Wednesday, December 26, 2007

How Much Computerised We Are?

There were couples of incidents provoked me to ignite thoughts on computerized systems and their involvement in our professional life. In past several years, many organizations racing hard to transform their business into automated system(s) but the question is "How much we succeeded?"

Recently I visited a popular bank, requesting to issue my account duplicate statement hard copy with authorized signatory. The lady told me that it will take 2 hours to get it!! I was surprisingly looking at her and politely tried to mention that it’s a computerized process should not take more than 5 minutes. She sharply looked at me and said “Though it’s a computerized process, it will take time; it’s not that easy as you are assuming”

I emailed a letter to the popular newspaper editor pointing out the mistake done in the news coverage. I got no response from him. If his answer would be “I get too many such mails daily and can not respond to everyone…” my immediate response will be “Resign and step down from the position. You are just not doing your job.” We have email filters to sort those out and automated responders to make your job easy. No reasons please.

It will be too much if I expect all offices to become computerized and start executing their work in few minutes with high precision response and time, because I see most of the software companies (MNCs are not exceptions) itself lagging from this transformation.

I feel most of the time it’s not about the technology or the kind of solution/comfort what it offers, it’s more with people’s mentality whether they want to adopt it or not. There are very less chances of technology aggressively dominating offices (popularly known as “Paperless Office”) at least for next 10 to 20 years!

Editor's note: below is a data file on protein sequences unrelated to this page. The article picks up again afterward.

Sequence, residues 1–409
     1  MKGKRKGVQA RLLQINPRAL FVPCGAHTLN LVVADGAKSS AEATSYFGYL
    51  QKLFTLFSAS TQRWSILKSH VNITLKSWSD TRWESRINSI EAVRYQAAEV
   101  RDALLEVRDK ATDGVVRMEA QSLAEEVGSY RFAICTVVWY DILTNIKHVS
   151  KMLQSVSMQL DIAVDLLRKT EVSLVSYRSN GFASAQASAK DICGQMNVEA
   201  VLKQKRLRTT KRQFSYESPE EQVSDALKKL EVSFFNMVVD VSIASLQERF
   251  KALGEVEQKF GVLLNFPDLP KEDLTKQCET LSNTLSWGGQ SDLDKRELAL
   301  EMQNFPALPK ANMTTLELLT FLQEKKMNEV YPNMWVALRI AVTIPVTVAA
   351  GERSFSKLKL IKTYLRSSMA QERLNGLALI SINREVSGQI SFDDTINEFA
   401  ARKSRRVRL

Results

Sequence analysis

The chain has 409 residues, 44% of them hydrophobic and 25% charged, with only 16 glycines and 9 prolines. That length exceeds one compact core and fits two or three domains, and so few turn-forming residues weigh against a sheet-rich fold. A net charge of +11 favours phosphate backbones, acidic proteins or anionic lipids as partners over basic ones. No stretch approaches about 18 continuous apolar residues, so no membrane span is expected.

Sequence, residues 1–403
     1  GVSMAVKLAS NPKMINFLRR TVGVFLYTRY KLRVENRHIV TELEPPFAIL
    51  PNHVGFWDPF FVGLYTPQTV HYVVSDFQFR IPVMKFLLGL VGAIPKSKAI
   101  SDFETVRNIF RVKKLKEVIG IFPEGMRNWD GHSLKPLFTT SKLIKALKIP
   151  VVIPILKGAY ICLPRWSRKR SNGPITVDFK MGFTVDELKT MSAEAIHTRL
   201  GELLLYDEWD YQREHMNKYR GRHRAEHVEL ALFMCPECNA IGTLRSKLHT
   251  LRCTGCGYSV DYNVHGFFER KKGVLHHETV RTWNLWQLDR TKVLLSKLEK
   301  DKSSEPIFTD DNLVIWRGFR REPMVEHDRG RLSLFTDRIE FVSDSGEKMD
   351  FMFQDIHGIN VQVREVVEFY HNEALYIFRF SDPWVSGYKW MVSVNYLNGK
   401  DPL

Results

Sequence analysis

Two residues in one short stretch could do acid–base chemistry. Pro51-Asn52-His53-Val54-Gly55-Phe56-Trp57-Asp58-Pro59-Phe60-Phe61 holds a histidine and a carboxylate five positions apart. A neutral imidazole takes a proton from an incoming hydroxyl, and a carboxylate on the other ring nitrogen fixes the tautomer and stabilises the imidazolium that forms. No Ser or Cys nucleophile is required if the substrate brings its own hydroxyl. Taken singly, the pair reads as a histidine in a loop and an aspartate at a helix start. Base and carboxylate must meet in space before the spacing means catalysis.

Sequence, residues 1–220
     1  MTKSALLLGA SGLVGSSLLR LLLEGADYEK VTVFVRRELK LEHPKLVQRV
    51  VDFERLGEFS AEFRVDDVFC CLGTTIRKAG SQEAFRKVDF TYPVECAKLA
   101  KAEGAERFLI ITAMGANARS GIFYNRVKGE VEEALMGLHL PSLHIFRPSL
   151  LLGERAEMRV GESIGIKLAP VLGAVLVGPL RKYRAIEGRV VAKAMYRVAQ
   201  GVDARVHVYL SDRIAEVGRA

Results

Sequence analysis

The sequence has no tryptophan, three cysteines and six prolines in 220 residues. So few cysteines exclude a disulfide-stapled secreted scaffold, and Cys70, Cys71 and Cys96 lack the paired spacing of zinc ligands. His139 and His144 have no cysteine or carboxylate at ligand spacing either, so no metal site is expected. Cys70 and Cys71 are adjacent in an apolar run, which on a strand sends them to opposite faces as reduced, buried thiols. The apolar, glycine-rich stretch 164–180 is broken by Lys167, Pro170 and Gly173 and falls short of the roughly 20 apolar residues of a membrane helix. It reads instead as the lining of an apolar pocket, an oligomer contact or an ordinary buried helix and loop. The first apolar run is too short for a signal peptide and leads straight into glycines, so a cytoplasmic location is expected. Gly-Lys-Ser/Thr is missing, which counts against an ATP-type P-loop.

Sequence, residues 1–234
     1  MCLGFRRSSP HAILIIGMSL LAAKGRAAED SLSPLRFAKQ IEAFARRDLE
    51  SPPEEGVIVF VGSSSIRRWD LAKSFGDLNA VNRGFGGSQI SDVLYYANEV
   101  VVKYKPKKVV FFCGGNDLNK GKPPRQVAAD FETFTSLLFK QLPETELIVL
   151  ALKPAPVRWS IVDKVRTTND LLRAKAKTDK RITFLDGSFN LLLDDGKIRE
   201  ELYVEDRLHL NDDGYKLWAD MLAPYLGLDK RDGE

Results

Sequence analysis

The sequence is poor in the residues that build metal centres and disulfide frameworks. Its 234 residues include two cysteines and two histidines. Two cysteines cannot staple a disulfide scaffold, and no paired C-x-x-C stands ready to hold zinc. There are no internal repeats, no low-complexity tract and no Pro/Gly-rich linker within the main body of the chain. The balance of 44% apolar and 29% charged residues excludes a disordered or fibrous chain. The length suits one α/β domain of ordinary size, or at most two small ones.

Well, now thinking about Online Office might be too early to deal with.

Wednesday, December 12, 2007

Google More Specific...

...Noticed it when I was looking at advanced search options in A separate URL to search on only Microsoft technologies

As everyone knows these two companies are competing profoundly for their world wide software domination; but when it comes to providing service to the mass, we see their world class professionalism.

Google has also provided such facility for: Apple Mac, Unix, Linux, U.S Government and universities.

I liked it and found useful too.

Sunday, December 09, 2007

Windows XP - A Custom Setup Build

I am a freaking web surfer and I strongly recommend myself to have windows updates applied to my operating system. One of the ways to keep my computer/laptop healthy and protected. I use to depend on Autopatcher - an offline windows updates/patches collection/applying tool to keep my operating system up to date. Few months back Autopatcher discontinued its service because Microsoft was unhappy with it. From that day onwards my search was ON to get new alternative for it. All I wanted is to have an offline copy of windows updates so that I can install those whenever I make a fresh installation of windows operating system on my boxes. My search got over with “Windows Update Downloader”, a free utility which has a good list of windows updates, clever enough to connect Microsoft Windows update website and download patches/updates to local machine.(Recently I came to know that Microsoft has launched a web site for bulk patch/update downloads, named "Microsoft Update Catelog"). I was happy when I was browsing downloaded patch files (around 100+) in the download directory hive. The next challenge was how to apply these patches. Who will like installing 100+ patches double clicking one by one? (if you think you are such a person then I recommend reading this blog post completely :). I started looking out for an automated utility or an approach which can be done with a minimal code or a setup. But luckily I found nLite - a free utility which knows how to merge all these updates/patches with Windows XP setup files and slipstreaming service packs (SP2). It also facilitates integrating unattended installation setup, system drivers, windows tweaking, optional component removal, adding extra files in to setup disk and finally creating ISO image or burning directly to discs. After working with this tool I was able to create a Windwos XP setup CD which is an integrated version of XP SP2, patches/updates and my machine drivers! Now onwards, all I have to do is initiate the installation process and just sit back and relax. When windows setup finishes its installation and the machine restarts, it is just ready for next level operations with no much time spending on basic driver installations. Nice tools and good experience :)
Yeah, though I restore my machine(s) using drive imaging tool but sometimes I require fresh CD/DVD based installation for several technical reasons and that is where my above effort will help me to get updated windows operating system in one shot installation process.